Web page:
Turkey’s al-Bab assault, as part of its Euphrates Shield operation in the north of Syria, started on 9 December last year. Turkey had entered Syria from Jarablus 15 weeks before, on 24 August.
According to official figures given by the Turkish army, only four soldiers had been killed until the al-Bab assault because the operation had not encountered fierce resistance. However, with al-Bab, this figure has shot up to a total of 67 soldiers killed in action and counting.
Analysts have given varying views on why the Turkish army did not encounter significant resistance from the Islamic State (IS) group: from IS tactically withdrawing to a more defendable al-Bab (with sustainable supply routes from its stronghold Raqqa), to those who claimed tacit collusion between the Turkish army and IS.
In every way possible al-Bab has been a completely different proposition. Other than a fierce resistance by IS, the Syrian army’s operations from the south of al-Bab have complicated the Turks’ onward march. As of yet, no one has been able to say what might happen if the two armies were to meet, with Russia perceived to be deescalating or managing the situation.
Ankara has said it will not give any areas it takes from IS back to the government in Damascus. Damascus, on the other hand, has called the Turks’ Euphrates Shield operation ‘an occupation’.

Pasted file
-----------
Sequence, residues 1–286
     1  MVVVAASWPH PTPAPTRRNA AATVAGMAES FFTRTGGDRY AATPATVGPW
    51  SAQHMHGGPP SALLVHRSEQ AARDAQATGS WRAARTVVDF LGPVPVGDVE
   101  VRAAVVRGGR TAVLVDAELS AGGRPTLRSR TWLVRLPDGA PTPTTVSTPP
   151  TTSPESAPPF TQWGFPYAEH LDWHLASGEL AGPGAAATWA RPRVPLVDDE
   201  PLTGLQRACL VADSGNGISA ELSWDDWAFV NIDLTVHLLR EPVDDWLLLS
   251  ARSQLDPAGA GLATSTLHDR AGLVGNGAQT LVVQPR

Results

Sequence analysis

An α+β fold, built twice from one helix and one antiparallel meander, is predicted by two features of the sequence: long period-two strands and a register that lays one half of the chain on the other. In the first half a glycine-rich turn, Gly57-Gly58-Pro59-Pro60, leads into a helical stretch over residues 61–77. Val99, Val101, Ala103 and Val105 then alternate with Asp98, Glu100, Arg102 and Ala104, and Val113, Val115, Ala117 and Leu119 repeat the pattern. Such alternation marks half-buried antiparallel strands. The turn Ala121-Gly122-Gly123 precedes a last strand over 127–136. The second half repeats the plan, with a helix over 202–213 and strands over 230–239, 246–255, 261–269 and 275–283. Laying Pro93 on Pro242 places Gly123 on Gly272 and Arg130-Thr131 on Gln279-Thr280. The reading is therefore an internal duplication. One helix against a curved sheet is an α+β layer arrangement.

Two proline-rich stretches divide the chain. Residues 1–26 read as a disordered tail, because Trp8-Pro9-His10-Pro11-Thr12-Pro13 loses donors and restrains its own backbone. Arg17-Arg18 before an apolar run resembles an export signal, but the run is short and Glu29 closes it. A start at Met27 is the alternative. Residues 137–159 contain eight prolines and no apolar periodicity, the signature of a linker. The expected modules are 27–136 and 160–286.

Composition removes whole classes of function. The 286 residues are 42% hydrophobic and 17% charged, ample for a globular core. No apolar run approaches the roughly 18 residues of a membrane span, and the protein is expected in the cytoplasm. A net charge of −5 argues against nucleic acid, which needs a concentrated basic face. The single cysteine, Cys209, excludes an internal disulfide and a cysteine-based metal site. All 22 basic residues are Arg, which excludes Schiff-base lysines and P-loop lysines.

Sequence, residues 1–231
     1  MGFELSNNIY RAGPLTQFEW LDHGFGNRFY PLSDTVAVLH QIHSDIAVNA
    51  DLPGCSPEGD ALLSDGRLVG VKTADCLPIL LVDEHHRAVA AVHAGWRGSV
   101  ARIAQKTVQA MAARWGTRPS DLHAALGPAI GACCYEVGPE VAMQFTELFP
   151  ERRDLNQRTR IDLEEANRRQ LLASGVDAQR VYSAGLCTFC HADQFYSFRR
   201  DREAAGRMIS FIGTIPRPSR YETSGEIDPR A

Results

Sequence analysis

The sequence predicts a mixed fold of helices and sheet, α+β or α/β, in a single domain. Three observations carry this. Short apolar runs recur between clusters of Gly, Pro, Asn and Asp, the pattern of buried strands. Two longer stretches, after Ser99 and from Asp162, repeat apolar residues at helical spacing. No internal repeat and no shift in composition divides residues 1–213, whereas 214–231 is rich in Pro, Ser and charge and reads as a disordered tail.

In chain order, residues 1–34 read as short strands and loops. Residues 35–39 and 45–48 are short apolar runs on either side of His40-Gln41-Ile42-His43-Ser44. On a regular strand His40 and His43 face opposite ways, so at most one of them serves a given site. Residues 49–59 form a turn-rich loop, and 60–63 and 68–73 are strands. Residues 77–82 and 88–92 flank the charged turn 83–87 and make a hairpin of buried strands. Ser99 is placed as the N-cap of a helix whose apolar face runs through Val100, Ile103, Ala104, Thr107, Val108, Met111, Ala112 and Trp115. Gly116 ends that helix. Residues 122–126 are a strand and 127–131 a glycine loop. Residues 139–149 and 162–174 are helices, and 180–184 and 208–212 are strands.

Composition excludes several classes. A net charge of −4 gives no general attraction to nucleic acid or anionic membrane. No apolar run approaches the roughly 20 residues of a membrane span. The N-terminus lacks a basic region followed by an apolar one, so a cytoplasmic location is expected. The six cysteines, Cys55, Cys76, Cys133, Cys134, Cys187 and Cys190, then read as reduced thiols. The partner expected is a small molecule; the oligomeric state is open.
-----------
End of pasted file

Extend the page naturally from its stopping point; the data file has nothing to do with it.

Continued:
The latest twist in al-Bab, however, came on Friday when Russian jets bombed and killed three Turkish soldiers on the edges of the besieged town. Although both sides were quick to define this as a ‘friendly fire’ incident, contradictory statements followed as the Russians said the coordinates were given to them by the Turkish army; something the Turkish army squarely rejected with its own statement yesterday.
Again, there is a huge discrepancy in the analytical spectrum of what the Russians’ bombing of the Turks actually meant. While there are those that believe this was a genuine mistake, they seem to be a minority when compared to those who believe the Russians – who are fully backing the Syrian government in the conflict – are forcing the Turks to retreat.
With frustration also being vented by the Turkish government towards the US-led coalition for not supporting its assault in al-Bab, Turkey increasingly seems to be out on a limb.
The possible scenarios for al-Bab today range from the Syrian and Turkish armies practically running a joint operation to take al-Bab back from IS, to them clashing at first sight. Unverified reports have claimed that the latter has already happened.
Turkey’s Deputy Prime Minister Numan Kurtulmus said yesterday that “al-Bab was the final objective of the Euphrates Shield operation”, contradicting Foreign Minister Mevlut Cavusoglu’s claim only a couple of days before that “Raqqa is our next target after al-Bab”.
The Turkish army has lost more than 60 soldiers in al-Bab. The question remains as to what the Turkish government will do in the following days: will it continue an operation that seemingly lacks the blessing of any of the other major powers invested in the conflict, and increasingly its own public? Or, will it just cut its losses?
(Reporting and writing by Giran Ozcan)